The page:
I really wanted to be a part of Andhadhun. Even though Radhika’s role was really small, I knew the project was brilliant because I’d heard the script. But it didn’t work out for whatever reasons. It gets difficult to break the image after the first film because of these things. I was offered roles in a few sex comedies, but I didn’t take them up because that is not the genre I want to get into. I was also offered a few parts where I was just there and had two songs. Even if there were few scenes and two songs in a huge film, you wouldn’t say no. But it wasn’t even that! I would rather be travelling and spending my time doing theatre classes and workshops. There is no dearth of good scripts, just dearth of opportunities. There are too many people eyeing the same thing.

Even though you have a filmy connection, it’s not been easy for you, has it?

My parents brought us up, my sister and me, in a small town in Nashik, because they wanted to keep us away from the film world. They used to call it the big bad world of Bollywood. But life came full circle and we came back here and I got into Bollywood. The filmy connect is just that my aunt (Tanvi Azmi) works in the industry, nothing more. When it comes to the Marathi film industry, I gave it a thought as my grandmum (Usha Kiran) has left a big legacy in a way. But there is no pressure as she was who she was, and I am who I am. I have a long way to go before even thinking of taking her footsteps ahead. I’ve done the waiting, standing in the queue and doing auditions for several brands… I don’t consider myself a filmy kid.

You are venturing into the digital space, which is booming at the moment. What is your take on OTT and do you follow it?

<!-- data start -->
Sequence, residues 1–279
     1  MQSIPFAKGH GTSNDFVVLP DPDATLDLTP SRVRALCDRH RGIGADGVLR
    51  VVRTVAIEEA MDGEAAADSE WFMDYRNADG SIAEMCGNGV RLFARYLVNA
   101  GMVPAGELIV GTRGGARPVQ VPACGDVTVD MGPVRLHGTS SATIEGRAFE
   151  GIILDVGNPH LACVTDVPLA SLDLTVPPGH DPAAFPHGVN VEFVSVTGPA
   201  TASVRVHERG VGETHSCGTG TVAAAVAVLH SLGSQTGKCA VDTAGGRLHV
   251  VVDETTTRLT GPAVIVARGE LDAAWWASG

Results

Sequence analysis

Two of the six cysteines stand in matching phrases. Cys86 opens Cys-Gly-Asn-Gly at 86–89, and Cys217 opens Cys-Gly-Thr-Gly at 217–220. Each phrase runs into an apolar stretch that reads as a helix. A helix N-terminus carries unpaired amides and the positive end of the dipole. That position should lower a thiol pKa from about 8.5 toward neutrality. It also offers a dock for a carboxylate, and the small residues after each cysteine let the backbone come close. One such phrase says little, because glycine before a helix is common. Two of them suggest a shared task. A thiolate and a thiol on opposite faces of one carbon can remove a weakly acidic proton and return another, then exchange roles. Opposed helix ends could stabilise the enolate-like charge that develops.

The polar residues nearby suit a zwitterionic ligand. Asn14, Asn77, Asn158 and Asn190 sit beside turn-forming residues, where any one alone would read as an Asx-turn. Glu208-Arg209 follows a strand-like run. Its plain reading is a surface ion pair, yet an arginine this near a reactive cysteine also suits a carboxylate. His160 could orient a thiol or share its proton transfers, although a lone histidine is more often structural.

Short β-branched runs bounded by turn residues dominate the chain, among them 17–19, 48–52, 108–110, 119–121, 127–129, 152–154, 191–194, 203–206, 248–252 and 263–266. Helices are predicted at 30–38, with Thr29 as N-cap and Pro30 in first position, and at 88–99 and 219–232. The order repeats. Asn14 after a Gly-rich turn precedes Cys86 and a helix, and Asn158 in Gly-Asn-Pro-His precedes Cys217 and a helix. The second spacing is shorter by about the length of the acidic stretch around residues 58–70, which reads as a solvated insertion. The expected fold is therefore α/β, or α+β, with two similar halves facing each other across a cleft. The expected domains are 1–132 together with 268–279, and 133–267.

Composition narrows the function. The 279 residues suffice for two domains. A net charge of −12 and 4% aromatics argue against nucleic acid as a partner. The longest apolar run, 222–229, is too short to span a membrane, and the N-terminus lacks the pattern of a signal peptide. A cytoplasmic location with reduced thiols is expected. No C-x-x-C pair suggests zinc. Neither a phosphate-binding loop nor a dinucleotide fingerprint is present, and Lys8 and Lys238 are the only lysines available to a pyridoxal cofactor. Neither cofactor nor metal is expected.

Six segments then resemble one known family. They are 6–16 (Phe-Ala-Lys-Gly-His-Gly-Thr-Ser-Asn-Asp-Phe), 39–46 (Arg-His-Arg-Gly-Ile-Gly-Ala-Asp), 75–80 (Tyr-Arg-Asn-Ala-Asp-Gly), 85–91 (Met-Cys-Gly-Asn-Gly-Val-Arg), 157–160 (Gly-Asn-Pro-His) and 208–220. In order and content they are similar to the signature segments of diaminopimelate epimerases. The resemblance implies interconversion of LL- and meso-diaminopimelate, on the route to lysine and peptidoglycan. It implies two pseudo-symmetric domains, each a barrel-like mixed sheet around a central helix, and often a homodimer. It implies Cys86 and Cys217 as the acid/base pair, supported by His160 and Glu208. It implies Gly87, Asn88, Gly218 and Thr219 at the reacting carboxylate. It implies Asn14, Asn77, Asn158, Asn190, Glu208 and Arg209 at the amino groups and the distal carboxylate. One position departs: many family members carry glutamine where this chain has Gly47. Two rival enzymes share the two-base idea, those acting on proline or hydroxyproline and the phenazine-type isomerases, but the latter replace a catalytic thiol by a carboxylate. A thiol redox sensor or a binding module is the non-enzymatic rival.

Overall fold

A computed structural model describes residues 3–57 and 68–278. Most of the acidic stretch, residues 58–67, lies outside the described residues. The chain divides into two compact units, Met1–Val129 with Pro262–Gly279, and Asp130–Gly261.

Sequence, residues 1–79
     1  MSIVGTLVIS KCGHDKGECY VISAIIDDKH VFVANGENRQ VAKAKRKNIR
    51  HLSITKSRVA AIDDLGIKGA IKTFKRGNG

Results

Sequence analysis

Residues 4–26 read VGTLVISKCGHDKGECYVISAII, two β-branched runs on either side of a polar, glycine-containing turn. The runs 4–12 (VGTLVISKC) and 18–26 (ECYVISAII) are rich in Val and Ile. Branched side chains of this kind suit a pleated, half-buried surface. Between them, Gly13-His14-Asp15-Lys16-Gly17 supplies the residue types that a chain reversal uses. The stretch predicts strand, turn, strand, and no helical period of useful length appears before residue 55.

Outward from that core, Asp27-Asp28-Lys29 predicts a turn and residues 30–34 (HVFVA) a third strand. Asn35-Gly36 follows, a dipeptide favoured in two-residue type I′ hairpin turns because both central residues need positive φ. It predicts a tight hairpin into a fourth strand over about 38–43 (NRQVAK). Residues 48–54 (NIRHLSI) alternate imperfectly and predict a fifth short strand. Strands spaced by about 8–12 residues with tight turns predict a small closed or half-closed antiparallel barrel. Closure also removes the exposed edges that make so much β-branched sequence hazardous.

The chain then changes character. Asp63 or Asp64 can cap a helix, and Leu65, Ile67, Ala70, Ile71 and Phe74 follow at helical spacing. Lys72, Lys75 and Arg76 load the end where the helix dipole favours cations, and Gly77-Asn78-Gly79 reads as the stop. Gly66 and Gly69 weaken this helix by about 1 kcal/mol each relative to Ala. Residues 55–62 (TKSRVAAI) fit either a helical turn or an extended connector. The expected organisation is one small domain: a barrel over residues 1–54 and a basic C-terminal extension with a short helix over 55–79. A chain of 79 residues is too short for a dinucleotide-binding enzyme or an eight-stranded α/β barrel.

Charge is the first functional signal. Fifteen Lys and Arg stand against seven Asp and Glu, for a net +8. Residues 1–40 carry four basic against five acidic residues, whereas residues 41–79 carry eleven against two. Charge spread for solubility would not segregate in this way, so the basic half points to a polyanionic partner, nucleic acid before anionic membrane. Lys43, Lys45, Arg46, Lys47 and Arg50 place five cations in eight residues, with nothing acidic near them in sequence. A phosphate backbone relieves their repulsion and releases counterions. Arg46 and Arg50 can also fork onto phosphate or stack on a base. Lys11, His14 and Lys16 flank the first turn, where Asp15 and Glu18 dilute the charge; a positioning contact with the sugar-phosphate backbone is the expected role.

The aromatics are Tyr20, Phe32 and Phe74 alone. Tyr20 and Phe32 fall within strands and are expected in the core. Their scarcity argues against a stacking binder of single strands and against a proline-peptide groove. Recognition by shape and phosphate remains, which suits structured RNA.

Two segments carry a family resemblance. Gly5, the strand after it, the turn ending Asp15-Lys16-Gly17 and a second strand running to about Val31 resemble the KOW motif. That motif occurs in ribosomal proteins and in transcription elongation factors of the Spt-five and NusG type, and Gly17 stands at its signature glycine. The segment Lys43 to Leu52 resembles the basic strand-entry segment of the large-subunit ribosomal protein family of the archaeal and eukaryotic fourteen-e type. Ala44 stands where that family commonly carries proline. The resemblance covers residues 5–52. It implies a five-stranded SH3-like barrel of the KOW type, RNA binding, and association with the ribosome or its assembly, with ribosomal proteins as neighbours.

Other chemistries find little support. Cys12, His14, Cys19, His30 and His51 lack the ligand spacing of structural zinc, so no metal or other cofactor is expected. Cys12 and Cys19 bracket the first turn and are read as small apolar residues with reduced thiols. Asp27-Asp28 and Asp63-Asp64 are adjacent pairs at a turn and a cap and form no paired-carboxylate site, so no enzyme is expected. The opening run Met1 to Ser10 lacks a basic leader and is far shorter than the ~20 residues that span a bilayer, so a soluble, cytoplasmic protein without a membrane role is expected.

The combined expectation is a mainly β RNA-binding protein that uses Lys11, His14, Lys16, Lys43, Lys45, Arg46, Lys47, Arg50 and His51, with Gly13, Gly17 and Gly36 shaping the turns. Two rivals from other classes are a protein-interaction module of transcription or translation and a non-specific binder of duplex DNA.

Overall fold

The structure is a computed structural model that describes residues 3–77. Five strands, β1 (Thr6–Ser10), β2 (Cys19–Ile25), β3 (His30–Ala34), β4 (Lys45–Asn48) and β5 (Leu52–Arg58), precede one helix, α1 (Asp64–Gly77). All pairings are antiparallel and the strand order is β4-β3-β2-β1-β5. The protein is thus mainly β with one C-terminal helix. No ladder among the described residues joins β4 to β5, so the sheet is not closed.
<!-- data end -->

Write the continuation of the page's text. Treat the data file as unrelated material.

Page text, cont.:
I have started watching a few shows, even though I am late in joining the bandwagon. I’ve seen Narcos, Breaking Bad, and also watched Sacred Games as the content interested me. The good thing about web series and the OTT platforms is that it gives the audience freedom to choose and watch it in their time. That is why it is doing well, as it’s so much more convenient to sit and watch it at home. It has grown in the past two years, but I don’t think anyone actually knows where it is going.

Right now, everyone is going with the flow as it looks great. However, if you see the statistics of it, even on a larger scale, only two percent of India knows about Netflix, only the richer class. It will take time for it to seep into the B and C centres. As an actor, it gives you much scope to do so many interesting things. Angad (Bedi) is a very dear friend of mine and he is doing so much on the web. He said there was so much content coming out and it was challenging as an actor, as you have to constantly work on it and give a number of hours. Everything is so organised too. For an actor that is amazing.

Coming back to Bollywood, who do you look up to in the industry? Who do you go to for advice?

Rakeysh (OmPrakash Mehra) Sir has become like family to me in the past three years. We connected not only professionally, but also on a more general level, like a mentor. I really look up to him. Every time I’m offered something, I run it by him for his feedback. His opinion is something I hold in very high esteem.

Do you think a Godfather is necessary to thrive in Bollywood?

A lot of people do very well with a Godfather in the industry because it makes access easier. That’s one way of going about it. But, in the recent past, we’ve seen new age people like Ayushmann (Khurana) and Vicky (Kaushal), who have done their own thing, in their own way in Bollywood. They’ve kept at it and they’ve turned out to be two of the biggest stars of the last year. Each one has their own belief, you just find what you are comfortable with and follow that.